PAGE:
City loan program proves to be Inglewood Mayor’s downfall

In January, Inglewood Mayor Roosevelt Dorn pleaded guilty to a charge of public corruption and was barred from holding public office. Yet, his resignation prompts a look at the patterns of dishonesty and fraud in the history of Inglewood’s city government.

Dorn was involved in the Residence Incentive Program (RIP), a city loan program adopted in Inglewood in 1992. The program provided executive non-elected employees of the city with low-interest mortgages to encourage them to buy homes in Inglewood. Interest rates for these mortgage loans were substantially lower than commercially available rates.

In 2004, Dorn attempted to convince Mark Weinberg, the former city administrator, that the program applied to the mayor as an “executive officer” and that the city should issue him a loan.

Weinberg raised concerns over the legality of the mayor’s request, prompting Dorn to propose a resolution before the city council.

One of Weinberg’s reservations was a lack of public purpose for issuing the loan, given that the Inglewood city charter already required elected officials to live within city limits.

Despite Weinberg’s concerns, the Inglewood City Council, including Dorn, approved the resolution, which was signed into law on June 29, 2004. The resolution expanded the RIP to include “officers of the city as defined in the Inglewood City Charter.” In effect, Dorn created, voted, and approved a law that would give himself a loan.

Five months later, Dorn received a $500,000 loan through the program at an interest rate of 2.39 percent. The loan provisions also stipulated that the rate would never exceed 4.39 percent.

Dorn told the financial officer who prepared his loan that the money would be used to purchase a home for his daughter in Inglewood. Dorn also used the loan to pay off his own mortgage and to open a seven-month, $300,000 Certificate of Deposit that earned him 4.25 percent interest.

This loan, however, became public knowledge when Dorn ran for reelection.

To prevent the appearance of a conflict of interest, Dorn repaid $491,317.05 and led the city council to rescind the resolution.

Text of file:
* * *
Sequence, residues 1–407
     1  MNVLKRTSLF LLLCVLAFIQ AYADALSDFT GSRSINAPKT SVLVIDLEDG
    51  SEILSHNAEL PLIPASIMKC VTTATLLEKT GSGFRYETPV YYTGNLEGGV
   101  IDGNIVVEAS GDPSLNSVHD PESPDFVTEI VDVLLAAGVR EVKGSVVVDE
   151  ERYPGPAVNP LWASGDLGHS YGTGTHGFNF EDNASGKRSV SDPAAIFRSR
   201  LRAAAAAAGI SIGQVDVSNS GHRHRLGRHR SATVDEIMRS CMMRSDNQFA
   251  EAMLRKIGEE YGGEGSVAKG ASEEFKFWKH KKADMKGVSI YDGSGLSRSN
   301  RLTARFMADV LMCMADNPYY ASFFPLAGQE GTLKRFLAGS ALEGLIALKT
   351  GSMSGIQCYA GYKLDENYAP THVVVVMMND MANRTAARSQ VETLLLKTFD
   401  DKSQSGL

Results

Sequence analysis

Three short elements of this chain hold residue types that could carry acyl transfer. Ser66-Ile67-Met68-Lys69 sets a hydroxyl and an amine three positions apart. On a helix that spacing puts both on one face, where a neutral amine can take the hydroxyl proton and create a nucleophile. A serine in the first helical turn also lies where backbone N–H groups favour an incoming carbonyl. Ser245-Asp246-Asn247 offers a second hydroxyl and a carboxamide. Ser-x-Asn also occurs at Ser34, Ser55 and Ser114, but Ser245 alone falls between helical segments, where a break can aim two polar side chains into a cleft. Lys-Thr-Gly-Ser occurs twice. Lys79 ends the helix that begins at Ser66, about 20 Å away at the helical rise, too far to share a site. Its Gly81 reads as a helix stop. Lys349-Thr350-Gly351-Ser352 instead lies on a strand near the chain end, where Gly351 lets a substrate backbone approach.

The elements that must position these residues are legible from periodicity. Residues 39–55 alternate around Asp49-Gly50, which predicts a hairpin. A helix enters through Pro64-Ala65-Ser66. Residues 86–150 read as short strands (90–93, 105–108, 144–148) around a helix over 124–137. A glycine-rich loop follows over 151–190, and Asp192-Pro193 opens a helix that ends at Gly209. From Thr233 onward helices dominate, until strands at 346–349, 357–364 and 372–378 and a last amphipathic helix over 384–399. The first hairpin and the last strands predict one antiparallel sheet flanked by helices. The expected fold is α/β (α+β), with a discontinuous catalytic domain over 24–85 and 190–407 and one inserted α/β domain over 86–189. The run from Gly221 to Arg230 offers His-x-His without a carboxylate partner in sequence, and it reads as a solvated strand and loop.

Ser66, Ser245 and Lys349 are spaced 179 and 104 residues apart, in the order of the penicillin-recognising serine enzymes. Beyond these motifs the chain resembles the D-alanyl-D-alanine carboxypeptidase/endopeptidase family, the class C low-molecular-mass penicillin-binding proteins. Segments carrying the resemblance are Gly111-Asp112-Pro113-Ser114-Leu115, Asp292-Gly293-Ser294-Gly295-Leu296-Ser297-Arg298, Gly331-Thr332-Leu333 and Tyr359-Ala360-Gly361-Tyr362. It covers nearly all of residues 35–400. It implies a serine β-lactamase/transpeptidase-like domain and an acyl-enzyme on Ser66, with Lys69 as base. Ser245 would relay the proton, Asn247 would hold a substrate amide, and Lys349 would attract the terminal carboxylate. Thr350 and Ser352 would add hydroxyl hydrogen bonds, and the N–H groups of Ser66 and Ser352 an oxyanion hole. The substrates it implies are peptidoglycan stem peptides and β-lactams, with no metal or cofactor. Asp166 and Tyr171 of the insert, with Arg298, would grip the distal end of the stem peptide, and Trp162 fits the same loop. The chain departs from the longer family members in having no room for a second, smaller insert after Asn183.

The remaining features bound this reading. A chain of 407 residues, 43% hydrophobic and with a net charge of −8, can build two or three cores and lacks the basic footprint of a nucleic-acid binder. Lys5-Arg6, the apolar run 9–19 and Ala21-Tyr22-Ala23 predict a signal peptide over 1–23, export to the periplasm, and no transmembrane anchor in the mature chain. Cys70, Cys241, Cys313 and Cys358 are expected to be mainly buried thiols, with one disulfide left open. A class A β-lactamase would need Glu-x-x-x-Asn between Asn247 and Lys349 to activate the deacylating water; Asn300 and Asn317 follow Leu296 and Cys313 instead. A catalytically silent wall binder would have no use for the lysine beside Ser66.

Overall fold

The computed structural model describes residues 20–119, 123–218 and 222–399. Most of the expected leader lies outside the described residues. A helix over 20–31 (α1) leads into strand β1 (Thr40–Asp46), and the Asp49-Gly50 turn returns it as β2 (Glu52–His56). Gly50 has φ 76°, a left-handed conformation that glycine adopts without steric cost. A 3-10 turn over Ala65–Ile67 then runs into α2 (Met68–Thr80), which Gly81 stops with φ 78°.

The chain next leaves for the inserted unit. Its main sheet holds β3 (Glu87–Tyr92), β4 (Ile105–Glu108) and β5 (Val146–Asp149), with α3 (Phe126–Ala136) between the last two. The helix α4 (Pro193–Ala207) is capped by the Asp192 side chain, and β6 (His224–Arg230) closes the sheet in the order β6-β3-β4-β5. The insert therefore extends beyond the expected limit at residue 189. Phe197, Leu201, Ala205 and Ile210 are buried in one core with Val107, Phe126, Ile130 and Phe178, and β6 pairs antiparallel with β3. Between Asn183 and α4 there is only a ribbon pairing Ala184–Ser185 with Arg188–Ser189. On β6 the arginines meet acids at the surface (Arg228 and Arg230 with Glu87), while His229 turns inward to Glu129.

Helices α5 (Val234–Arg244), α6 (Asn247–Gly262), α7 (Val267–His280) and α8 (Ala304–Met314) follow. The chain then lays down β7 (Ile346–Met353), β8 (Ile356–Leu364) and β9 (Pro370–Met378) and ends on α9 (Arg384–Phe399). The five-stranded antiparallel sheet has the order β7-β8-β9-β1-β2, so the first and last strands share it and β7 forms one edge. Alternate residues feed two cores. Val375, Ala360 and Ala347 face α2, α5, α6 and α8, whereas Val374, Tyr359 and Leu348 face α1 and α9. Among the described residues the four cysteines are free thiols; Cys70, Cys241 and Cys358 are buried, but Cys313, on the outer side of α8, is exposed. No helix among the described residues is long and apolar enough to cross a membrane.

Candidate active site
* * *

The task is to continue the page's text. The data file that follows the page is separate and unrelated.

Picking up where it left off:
The Los Angeles District Attorney’s Public Integrity Division began an investigation of Dorn’s activities in 2006, finding him in violation of county code by making a contract in which he had a personal financial interest.

Dorn’s mere involvement with preliminary planning and discussions extending the loan program put him in legal trouble, the District Attorney found.

At the time the RIP was enacted, Weinberg had complete control over who received loans. The idea that Dorn could so easily convince the city council to accommodate his requests called into question the whole system in place at Inglewood City Hall.

Current director of finance in Inglewood, Jeff Muir, consulted with Deputy District attorneys Max Huntsman and Juliet Schmidt on the case. Muir indicated that steps are being taken to ensure a corruption-free financial future for the city. For starters, the elusive credit card program to which Dorn was accustomed for personal expenses has been abolished.

“No elected officials have credit cards currently,” Muir said. “There used to be a reimbursement program for officials after each quarter, but we don’t do that anymore. We now roll any amount like that into compensation for the individual’s services, and it’s not individually done any more.”

To address public concerns, the city is creating an Investment Oversight Committee made up of interested citizens. The committee will meet on a quarterly basis and discuss the treasurer reports for the city, the Inglewood Redevelopment Agency, Inglewood Public Finance Authority, and Housing Authority.

While city council members and elected officials are no longer eligible for the RIP, non-executive employees outside of the city may still apply for a loan.

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